Monday, October 18, 2010

Somber Thoughts

November is supposed to be the month when we especially remember the dead and think intentionally about our own mortality. It’s a late autumn thing to do. But I got a bit ahead of schedule today!

The day began with a funeral. It was my third funeral at Immaculate Conception, but my first ever burial at Calvary Catholic Cemetery – the old cemetery just a few miles away, which is owned by immaculate Conception parish. I haven’t seen too many parish cemeteries. I’ve done burials at St. Raymond’s in the Bronx, of course, and I’ve been to the parish cemetery in New Jersey, where the Paulist Fathers formerly at Mount Paul are now buried (and which will presumably someday be the site of my last Paulist assignment). The cemetery here is much older and smaller, but quite attractive precisely as an old, historic , traditional cemetery.

The burial service was brief, but concluded with the playing of taps and the presentation of the flag to the deceased brothers. It got me thinking about the passing of the World War II generation, rightly remembered (in Tom Brokaw’s memorable expression) as “the Greatest Generation.” My father has been dead 11 years already, and my uncles even longer. Soon, there will be no one left from that “Greatest Generation” – just when our society could really use people like them and what they did and accomplished. Compared to them, my “baby Boomer” generation seems to have made quite the mess of things – exceeded only, perhaps, by the post-Boomer generation now in political power!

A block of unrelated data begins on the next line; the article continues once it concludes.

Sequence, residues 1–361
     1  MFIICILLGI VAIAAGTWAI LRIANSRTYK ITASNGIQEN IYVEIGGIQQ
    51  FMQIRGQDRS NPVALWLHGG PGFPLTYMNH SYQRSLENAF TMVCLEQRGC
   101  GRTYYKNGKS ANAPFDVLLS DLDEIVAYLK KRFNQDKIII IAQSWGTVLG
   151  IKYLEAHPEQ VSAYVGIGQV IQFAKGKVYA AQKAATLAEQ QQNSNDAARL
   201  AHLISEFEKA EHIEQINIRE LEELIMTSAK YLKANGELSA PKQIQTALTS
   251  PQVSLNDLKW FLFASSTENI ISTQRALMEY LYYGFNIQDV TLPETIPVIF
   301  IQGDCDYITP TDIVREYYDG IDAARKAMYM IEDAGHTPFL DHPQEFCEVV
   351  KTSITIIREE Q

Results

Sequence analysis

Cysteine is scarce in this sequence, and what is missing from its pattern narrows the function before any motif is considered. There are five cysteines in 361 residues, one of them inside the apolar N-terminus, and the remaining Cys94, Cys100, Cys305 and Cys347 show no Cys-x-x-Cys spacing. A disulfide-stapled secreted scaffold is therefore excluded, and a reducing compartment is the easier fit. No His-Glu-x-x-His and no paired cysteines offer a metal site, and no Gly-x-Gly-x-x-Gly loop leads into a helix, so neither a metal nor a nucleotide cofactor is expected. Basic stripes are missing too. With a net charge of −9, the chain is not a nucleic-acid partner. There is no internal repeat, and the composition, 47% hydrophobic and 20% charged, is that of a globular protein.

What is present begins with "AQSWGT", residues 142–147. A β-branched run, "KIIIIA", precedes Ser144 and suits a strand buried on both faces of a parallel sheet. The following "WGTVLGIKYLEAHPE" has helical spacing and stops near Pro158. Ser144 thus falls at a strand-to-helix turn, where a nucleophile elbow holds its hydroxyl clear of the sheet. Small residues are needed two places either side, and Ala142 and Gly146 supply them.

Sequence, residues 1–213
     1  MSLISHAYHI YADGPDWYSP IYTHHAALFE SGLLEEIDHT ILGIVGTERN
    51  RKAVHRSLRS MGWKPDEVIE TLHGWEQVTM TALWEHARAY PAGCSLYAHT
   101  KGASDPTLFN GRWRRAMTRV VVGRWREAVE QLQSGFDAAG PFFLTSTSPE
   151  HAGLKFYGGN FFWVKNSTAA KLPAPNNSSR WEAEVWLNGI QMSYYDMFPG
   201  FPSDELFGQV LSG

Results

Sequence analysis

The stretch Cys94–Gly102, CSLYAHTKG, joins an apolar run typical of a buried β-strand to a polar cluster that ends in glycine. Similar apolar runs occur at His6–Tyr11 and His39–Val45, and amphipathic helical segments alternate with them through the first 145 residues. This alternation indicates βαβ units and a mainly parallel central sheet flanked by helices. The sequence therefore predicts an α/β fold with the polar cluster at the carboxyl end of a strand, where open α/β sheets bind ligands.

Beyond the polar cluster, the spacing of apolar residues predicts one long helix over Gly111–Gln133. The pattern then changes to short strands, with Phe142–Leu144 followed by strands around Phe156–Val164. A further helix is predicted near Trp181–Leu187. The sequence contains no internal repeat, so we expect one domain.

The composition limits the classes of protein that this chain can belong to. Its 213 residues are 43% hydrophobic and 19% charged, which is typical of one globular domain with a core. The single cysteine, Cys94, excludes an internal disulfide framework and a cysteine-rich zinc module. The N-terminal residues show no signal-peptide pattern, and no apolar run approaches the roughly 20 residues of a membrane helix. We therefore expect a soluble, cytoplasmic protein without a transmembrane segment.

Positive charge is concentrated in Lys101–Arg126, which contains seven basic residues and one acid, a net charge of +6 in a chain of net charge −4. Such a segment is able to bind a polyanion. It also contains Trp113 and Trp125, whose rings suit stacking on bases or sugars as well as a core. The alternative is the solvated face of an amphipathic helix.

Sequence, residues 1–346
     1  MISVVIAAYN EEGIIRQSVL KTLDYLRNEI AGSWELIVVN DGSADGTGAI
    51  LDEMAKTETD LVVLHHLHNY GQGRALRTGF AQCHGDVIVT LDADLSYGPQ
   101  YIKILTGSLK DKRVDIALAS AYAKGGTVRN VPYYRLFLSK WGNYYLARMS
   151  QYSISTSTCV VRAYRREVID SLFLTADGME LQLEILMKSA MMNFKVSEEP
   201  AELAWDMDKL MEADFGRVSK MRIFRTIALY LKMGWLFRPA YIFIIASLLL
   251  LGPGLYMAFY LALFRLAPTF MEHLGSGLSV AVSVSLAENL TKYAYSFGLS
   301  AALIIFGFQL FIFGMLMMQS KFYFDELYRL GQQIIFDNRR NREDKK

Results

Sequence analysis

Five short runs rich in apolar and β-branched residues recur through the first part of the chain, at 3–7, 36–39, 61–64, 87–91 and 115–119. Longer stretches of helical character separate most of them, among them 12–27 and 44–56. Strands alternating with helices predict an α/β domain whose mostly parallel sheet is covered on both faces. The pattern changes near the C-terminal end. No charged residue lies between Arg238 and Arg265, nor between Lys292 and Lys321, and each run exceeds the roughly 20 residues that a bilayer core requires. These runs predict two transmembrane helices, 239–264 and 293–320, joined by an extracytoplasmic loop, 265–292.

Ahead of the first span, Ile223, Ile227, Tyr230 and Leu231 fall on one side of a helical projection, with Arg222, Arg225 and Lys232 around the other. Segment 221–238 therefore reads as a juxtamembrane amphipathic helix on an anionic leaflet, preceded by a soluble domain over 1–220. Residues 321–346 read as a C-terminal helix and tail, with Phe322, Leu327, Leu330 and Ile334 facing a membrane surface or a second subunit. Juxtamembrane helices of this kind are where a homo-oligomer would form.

Such solemn reflections, admittedly more suited to a gray November day than a bright colorful October afternoon, were still with me when I left the parish office in late afternoon to go home and prepare for my evening meeting. As I turned left from Broadway onto Central Street, I suddenly found myself faced with a speeding, on-coming car coming at me in my lane, apparently being chased by a police car. Luckily for me, no one was simultaneously turning right onto Central from the southbound side of Broadway. So I was able to maneuver quickly into the right lane and thus escape being hit head-on by the speeding car. From the comparative safety of that right lane, I watched in amazement as that car kept going, pursued by one, then a second, police car. As I drove north on Central the remaining distance, I could hardly help recalling the prayer recited just a few hours earlier at the end of the funeral:

Lord God, whose days are without end and whose mercies beyond counting, keep us mindful that life is short and the hour of death unknown. Let your Spirit guide our days on earth in the ways of holiness and justice, that we may serve you in union with the whole Church, sure in faith, strong in hope, perfected in love. And when our earthly journey is ended, lead us rejoicing into your kingdom, where you live for ever and ever. Amen.

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